It began in upstate New York with Joseph Smith's miraculous vision. It spread across the American West with Brigham Young's founding of over 300 settlements and his establishment of Utah as its headquarters. Today, Mormonism is continually expanding as a mainstream global religion with, surprisingly, more members outside the United States than within.
Covering its historic development, important individuals, and central ideas and issues, this encyclopedia offers broad historical coverage of The Church of Jesus Christ of Latter-day Saints.
Mormonism: A Historical Encyclopedia helps readers explore a church that has gone from being an object of ridicule and sometimes violent persecution to a worldwide religion, counting prominent businesspeople and political leaders among its members (including former Massachusetts governor and recent presidential candidate Mitt Romney).
The encyclopedia begins with an overview of The Church of Jesus Christ of Latter-day Saints—six essays cover the church's history from Joseph Smith's first vision in 1820 to its current global status. This provides a context for subsequent sections of alphabetically organized entries on key events and key figures in Mormon history. A final section looks at important issues such as the church's organization and government, its teachings on family, Mormonism and blacks, Mormonism and women, and Mormonism and Native Americans. Together, these essays and entries, along with revealing primary sources, portray the Mormon experience like no other available reference work.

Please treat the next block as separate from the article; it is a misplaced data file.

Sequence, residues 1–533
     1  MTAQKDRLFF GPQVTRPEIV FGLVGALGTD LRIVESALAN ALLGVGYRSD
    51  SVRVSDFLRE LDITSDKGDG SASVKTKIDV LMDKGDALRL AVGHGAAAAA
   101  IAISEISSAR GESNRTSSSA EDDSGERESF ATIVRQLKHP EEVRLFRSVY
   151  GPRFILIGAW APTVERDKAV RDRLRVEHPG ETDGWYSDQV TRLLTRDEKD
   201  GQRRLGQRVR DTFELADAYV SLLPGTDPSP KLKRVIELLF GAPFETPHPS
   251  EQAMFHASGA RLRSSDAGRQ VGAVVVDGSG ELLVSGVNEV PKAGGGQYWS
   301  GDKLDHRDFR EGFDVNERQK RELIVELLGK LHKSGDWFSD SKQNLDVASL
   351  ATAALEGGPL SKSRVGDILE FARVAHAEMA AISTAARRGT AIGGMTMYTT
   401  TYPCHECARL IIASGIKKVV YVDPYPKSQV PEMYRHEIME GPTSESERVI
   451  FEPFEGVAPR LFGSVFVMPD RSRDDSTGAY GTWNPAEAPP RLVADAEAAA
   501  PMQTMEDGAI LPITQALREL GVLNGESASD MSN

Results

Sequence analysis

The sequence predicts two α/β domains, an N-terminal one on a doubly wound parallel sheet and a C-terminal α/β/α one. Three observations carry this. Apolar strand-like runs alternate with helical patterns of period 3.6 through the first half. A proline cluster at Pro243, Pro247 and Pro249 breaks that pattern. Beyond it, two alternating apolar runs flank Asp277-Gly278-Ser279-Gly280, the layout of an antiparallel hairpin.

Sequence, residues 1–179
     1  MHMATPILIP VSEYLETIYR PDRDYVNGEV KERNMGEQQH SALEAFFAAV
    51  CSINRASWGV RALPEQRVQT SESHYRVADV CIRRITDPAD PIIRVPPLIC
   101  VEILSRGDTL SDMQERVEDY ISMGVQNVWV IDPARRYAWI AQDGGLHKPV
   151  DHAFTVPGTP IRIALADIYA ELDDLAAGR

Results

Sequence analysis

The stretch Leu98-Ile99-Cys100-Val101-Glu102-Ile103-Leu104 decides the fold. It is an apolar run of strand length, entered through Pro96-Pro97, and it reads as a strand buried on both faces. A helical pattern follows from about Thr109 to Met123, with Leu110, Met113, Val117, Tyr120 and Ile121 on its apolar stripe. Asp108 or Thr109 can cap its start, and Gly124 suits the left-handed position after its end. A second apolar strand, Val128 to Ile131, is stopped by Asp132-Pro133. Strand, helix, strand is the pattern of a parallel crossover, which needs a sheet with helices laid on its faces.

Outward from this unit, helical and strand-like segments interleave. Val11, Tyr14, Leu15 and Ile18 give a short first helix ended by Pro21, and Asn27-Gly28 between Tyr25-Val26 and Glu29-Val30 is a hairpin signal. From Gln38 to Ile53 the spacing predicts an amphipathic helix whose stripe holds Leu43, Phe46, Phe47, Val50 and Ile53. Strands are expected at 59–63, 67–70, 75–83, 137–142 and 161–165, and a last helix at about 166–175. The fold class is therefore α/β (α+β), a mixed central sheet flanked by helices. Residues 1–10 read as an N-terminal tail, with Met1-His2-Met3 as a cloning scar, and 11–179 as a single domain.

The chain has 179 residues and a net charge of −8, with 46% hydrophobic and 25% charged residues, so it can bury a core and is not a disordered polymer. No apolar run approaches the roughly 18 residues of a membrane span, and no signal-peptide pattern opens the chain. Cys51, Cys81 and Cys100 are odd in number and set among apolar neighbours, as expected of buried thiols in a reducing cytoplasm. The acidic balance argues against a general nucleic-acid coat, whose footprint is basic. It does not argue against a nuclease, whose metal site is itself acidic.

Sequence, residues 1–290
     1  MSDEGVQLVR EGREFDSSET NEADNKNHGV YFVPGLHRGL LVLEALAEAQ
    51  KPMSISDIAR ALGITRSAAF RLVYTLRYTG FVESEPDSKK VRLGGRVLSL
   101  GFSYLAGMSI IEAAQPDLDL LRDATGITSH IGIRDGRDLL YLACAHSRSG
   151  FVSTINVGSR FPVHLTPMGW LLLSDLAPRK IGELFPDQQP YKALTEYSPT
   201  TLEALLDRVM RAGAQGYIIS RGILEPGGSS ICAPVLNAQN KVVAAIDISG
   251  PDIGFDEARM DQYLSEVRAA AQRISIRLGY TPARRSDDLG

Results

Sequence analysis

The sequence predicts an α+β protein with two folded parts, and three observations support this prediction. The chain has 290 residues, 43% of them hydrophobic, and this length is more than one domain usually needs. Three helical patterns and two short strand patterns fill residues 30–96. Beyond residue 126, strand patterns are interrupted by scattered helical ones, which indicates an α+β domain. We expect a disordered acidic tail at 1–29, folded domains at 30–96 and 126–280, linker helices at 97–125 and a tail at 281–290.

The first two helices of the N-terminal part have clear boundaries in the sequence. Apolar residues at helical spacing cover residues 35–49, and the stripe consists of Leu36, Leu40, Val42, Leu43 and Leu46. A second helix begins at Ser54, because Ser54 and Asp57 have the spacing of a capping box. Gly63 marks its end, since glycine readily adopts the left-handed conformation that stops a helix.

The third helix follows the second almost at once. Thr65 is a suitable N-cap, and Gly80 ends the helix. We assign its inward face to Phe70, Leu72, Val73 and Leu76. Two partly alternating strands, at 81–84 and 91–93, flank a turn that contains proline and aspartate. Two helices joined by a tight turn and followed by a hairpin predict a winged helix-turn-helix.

• 140 entries on individuals, places, events, and issues
• An overview section of six essays tracing the history of Mormonism from Joseph Smith's vision to years of global expansion that began in the mid-20th century
• 50 contributors who are among the world's foremost scholars on the Mormon religion and its history
• A chronology of Mormonism from its beginnings in upstate New York to its current status as a globalized church headquartered in Salt Lake City, Utah
• A bibliography of the latest scholarship on Mormon history
• Describes a number of fascinating moments from the Mormon past, such as the Whistling and Whittling Brigade, the Granite Mountain Records Vault, the founding of the Mormon Tabernacle Choir, and the White Salamander Letter
• Explores the beginnings, development, and eventual abandonment of polygamy as a religious principle in 19th-century Mormonism
• Portrays a colorful array of leaders and laypeople who helped shape the direction of this dynamic faith, and who were in turn shaped by its tenets at work in their lives
• Analyzes the reasons why Mormonism has found a home in areas as diverse as Asia, Africa, and South America